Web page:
I've also heard just a sort of a sideline of this uh where a hailstorm through and the roof beside the solar panels was damaged. The solar panels weren't damaged but the insurance company actually paid to take the solar panels off to regroup the whole roof and then put the solar panels back. So, that was a good deal Uh but generally, you just want to make sure they know and generally, it does not cost you more money. Yeah And I would add to that there are two different items there within the insurance questions. So, there's a question of um will my insurance cover? Let's say a tornado takes out the whole house with solar panels with it. Um well, the insurance company pay the full value to replace my house and the solar system. That's one question Um and then there's a liability question and that there's a requirement um and the utilities, some of them will require proof prior to to approving.
Interconnected to the grid submitting your homeowner's insurance to say um I have this amount of liability coverage. I think it's a 1 million dollars minimum Um but generally, people already meet that. Um I see a lot of um much higher um amounts there Okay. Thank you. Thank you, Leah and Ray for answering that question. Um we're going to now shift back to public policy kind of intermingled uh project development questions and policy questions and this one will go to Kerwin. uh the twenty-first Century Energy Task Force is going to reconvene sometime later this year and we know that distributed generation will actually be one of the topics that will be focused on in this task force that's actually written in statute.
What do you anticipate the task force covering with respect to the issue of distributed generations? Well, that's Very, very good question and one that uh many colleagues that I've spoken to in in recent days about what to expect on the task force related to the Ds are as curious as as as I am and we all are about exactly what will be uh discussed with respect to be Es at the task force. I can't say a couple of things. Number one, uh you know, Chairman of House utilities at so who's also co chair of the task force several times publicly during the legislative session said Net metering uh would be in the context of the twenty-first century and each task force over the next 2 years.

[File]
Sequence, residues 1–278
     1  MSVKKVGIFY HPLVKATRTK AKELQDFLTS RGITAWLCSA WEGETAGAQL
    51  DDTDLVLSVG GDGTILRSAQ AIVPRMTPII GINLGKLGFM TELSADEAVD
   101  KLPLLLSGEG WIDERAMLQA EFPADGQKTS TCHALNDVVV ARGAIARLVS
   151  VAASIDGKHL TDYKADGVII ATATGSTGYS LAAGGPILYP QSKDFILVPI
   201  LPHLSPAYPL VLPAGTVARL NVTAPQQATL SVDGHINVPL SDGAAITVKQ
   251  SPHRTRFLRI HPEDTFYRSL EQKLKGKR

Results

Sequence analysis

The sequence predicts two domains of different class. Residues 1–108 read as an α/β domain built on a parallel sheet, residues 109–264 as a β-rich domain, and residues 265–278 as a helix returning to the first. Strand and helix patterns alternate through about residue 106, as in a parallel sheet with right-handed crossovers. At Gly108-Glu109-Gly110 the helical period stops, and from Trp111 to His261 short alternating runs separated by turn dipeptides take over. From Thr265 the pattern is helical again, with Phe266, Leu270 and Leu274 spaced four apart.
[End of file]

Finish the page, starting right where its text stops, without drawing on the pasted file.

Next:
Uh that's not specified necessarily in the legislation um but he did say that verbally a couple of committee hearings uh during the last legislative session Um what is written into uh uh statute uh with respect to the conversation is uh something like the appropriate regulation of distributed energy resources consistent with first order 22222. um What that means is uh for those unfamiliar at a very high level uh fir, the federal Energy Regulatory Commission issued a quite a landmark order a few years back known as order 22222.
Uh that that allow distributed energy resources uh to compete in the wholesale marketplace uh with coal plants, gas plants, plants, and the like. So quite a landmark uh order in the context of allowing for the first time ever. uh you know and mandating that distributed energy resources are allowed to participate in the wholesale market uh uh of energy not the marketplace but the wholesale marketplace. Nevertheless, that's an important order as what we're seeing across the country is more and more aggregation of distributed energy resources by companies known as aggregator, creating virtual power plants if you will, where they're collecting different customers who owns um adding all those folks up and uh aggregating uh you know, uh uh a one megawatt of rooftop solar and that megawatt can then compete in the marketplace which will deliver additional revenues to the owners of those distributed resources.